Scientists unravel the mysteries of polymer strands in fuel cells
Hydrogen fuel cells offer an attractive source of continuous energy for remote applications, from spacecraft to remote weather stations. Fuel cell efficiency decreases as the Nafion membrane, used to separate the anode and cathode within a fuel cell, swells as it interacts with water.
A Russian and Australian collaboration has now shown that this Nafion separator membrane partially unwinds some of its constituent fibers, which then protrude away from the surface into the bulk water phase for hundreds of microns.
The research team was led by a group in Russia together with Australian professor Barry Ninham from Australian National University in Canberra, a leading specialist in colloid and interface science. Their results were published this week in The Journal of Chemical Physics.
The research team began this project to examine a proposed hypothesis that attributed a new state of water to explain swelling of the Nafion membrane. Instead, they are the first to describe the growth of polymer fibers extending from the membrane surface as it interacts with water. The number of fibers increases as a function of deuterium concentration of the water.
"To increase our understanding of these membranes, we needed to describe the molecular-level interaction of deuterated water with the polymer," Bunkin said. "Now that we know the structure of the 'exclusion zone', we can tailor the Nafion structure and its electrical properties by studying changes induced by ion-specific (Hofmeister) effects on its organization and function."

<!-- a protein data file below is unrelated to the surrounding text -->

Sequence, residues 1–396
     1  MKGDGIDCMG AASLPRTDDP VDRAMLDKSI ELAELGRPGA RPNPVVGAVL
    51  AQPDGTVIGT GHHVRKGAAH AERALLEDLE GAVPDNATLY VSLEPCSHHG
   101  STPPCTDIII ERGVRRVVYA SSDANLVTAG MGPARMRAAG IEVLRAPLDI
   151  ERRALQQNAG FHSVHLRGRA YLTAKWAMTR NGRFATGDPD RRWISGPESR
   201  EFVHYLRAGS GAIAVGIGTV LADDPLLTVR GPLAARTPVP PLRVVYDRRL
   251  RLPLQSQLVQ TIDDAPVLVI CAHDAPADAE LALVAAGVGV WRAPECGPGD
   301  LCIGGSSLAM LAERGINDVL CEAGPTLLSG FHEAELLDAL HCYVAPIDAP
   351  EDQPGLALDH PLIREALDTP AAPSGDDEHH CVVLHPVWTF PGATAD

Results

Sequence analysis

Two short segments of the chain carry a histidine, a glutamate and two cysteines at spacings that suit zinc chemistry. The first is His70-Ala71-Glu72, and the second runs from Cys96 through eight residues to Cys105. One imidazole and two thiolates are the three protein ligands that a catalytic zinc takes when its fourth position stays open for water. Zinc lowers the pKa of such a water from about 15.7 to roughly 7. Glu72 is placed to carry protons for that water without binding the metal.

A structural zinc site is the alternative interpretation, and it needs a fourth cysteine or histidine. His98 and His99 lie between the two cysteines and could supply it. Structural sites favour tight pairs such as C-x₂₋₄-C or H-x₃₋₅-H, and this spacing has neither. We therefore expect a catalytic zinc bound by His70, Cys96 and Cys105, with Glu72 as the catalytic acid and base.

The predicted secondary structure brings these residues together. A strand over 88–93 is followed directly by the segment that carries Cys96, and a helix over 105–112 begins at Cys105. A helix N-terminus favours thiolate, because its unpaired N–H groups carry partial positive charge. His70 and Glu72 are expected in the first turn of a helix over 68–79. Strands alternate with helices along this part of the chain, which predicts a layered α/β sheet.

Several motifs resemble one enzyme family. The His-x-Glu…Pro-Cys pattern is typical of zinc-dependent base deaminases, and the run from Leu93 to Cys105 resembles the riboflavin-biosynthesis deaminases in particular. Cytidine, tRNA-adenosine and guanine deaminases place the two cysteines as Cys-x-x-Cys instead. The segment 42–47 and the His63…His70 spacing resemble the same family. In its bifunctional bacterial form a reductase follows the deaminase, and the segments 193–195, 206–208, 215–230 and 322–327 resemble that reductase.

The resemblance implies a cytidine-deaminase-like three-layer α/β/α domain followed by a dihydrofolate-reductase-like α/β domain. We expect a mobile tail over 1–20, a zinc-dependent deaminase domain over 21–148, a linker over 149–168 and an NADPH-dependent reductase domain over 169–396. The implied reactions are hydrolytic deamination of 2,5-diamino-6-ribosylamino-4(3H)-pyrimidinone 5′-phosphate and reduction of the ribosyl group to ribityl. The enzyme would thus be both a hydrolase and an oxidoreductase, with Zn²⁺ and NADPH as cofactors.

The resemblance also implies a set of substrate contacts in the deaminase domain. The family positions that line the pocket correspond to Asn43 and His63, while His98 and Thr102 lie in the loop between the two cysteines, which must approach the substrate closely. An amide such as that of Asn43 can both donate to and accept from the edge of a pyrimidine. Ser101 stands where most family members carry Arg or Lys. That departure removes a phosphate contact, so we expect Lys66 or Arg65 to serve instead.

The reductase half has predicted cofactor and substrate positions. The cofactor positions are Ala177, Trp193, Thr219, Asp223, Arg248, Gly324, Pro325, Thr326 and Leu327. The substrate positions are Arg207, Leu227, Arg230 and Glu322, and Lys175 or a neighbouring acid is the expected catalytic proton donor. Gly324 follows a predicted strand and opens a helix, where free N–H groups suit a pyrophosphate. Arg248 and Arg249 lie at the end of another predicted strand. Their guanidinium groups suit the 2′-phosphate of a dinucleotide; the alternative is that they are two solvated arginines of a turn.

Nafion is the highest-performance commercially available hydrogen-oxide proton exchange membrane used to date in fuel cells. Its porous nature permits significant concentration of the electrolyte solution while separating the anode from the cathode, which allows the flow of electrons producing energy in the fuel cell.
The researchers found the membrane is specifically sensitive to the deuterium content in the ambient water by unweaving the surface's structure. The polymer fibers extend from the membrane into the water. The effect is most pronounced in water with deuterium content between 100 and 1,000 parts per million.
For this study, the team developed a specialized laser instrumentation (photoluminescent UV spectroscopy) to characterize the polymer fibers along the membrane-water interface. Although the individual fibers were not observed directly due to the spatial limitation of the instrumentation, the team reliably detected their outgrowth into the water.
"The significance of this work may provide an entrée into some very fundamental areas of biology and energy production about which we did not have a clue," Bunkin said.